US weighs 3-foot distancing rule, a major change
WASHINGTON, United States (AFP) — The United States’ top pandemic advisor said yesterday that authorities were considering cutting social distancing rules to three feet — a move that would change a key tenet of the global fight against COVID-19.
Anthony Fauci, a world-respected figure during the coronavirus crisis, said experts at the Centers for Disease Control and Prevention (CDC) were examining a Massachusetts study that found “no substantial difference” in COVID-19 cases in schools observing six-foot and three-foot rules.
Asked on CNN’s State of the Union show whether that meant that a three-foot separation was sufficient, Fauci replied, “It does, indeed.”
“The CDC is very well aware that data are accumulating making it look more like three feet are OK under certain circumstances,” Fauci added.
While cautioning that the CDC was still weighing the data and conducting its own tests, he said its findings would come “soon”.
The six-foot social distancing rule has been a widely-adopted global measure to prevent the spread of the coronavirus, along with mask-wearing and hand-washing.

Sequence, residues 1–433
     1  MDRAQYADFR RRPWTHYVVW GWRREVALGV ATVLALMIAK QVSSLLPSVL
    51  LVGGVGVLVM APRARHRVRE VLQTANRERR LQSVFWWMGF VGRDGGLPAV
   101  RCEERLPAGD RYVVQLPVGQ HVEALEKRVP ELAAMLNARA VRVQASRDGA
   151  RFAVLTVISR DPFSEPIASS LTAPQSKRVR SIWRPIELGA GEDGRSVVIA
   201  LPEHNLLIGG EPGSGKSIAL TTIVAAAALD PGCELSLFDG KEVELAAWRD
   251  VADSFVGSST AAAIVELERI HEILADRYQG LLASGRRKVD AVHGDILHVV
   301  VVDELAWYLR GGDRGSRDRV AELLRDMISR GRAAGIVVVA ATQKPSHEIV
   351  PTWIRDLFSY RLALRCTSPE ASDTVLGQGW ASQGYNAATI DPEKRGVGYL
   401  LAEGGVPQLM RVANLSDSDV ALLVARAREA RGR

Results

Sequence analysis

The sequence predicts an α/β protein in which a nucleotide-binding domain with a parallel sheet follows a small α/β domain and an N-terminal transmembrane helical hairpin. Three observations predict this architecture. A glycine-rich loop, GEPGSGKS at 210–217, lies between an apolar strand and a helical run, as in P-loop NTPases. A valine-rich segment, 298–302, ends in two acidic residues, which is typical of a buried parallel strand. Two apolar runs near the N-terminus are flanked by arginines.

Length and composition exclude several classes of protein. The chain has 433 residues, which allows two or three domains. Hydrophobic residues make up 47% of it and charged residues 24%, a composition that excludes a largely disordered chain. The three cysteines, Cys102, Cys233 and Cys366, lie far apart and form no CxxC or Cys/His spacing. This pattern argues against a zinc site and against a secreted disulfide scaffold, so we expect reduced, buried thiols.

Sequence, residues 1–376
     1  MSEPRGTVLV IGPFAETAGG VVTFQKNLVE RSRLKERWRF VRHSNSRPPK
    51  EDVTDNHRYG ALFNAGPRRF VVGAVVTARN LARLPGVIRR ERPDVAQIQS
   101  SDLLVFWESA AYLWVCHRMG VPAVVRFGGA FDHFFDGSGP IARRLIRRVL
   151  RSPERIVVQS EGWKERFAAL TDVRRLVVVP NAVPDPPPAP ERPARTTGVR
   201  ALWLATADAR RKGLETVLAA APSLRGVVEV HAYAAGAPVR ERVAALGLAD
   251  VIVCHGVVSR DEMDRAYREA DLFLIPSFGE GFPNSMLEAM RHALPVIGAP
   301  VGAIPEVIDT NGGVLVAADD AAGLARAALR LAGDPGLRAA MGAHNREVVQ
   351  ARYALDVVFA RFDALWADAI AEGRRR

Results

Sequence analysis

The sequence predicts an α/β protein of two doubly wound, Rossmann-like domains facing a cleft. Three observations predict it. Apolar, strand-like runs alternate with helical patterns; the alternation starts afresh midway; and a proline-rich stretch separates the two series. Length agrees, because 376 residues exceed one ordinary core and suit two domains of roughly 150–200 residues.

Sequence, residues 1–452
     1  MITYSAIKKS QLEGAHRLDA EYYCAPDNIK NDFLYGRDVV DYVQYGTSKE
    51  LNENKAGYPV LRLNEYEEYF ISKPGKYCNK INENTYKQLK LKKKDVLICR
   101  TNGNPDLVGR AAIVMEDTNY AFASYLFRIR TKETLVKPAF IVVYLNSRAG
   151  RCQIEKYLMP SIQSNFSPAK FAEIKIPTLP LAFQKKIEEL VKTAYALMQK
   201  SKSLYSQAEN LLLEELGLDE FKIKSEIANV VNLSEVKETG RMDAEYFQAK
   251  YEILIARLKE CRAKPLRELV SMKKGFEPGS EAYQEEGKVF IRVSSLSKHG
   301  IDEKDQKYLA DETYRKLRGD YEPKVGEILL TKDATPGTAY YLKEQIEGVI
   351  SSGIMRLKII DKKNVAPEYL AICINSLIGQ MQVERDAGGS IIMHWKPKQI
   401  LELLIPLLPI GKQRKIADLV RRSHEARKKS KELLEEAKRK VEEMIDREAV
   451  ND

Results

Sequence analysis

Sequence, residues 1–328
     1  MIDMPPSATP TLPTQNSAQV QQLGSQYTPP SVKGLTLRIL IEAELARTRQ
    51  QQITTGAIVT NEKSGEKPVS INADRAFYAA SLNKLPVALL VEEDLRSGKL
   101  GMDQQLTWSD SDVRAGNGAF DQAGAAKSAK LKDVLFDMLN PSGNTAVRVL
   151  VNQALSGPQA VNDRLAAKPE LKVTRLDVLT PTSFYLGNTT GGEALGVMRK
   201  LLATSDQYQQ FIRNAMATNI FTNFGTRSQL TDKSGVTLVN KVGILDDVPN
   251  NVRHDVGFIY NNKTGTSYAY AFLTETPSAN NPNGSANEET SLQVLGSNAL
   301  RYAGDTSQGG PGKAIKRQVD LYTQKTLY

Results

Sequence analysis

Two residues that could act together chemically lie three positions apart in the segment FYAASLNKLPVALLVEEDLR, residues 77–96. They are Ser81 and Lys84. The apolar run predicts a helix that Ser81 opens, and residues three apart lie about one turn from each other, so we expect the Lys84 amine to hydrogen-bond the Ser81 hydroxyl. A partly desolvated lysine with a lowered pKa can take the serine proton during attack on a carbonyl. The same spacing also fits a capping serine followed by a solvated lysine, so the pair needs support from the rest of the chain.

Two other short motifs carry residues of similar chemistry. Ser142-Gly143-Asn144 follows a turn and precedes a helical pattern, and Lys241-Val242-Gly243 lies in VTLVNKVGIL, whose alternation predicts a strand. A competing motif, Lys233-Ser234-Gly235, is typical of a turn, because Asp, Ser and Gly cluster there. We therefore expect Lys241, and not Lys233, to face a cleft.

School officials across the world are under pressure to fully reopen as soon as safely possible, but many say the six-foot requirement makes it difficult without adding portable classrooms or shortening the schoolday.
Many teachers unions have also insisted on six-foot distancing.
Policies on reopening schools and businesses have varied sharply around the globe as governments try to balance quelling infections with a return to normal life.
The study led by the Beth Deaconess Medical Center in Massachusetts, surveying 251 school districts, found “no substantial difference in the number of cases of COVID-19 among either students or staff” between those observing the three- and six-foot rules when all wore masks.
The findings, published in the journal Clinical Infectious Diseases, add to a growing body of evidence that COVID-19 transmission rates are low in schools.
A three-foot rule would have an enormous impact on prospects not only for fully reopening schools, but also for offices and even public areas such as sports venues.
The United States has the highest COVID-19 fatality toll in the world, now approaching 535,000, but it has seen case numbers and death rates fall this year.
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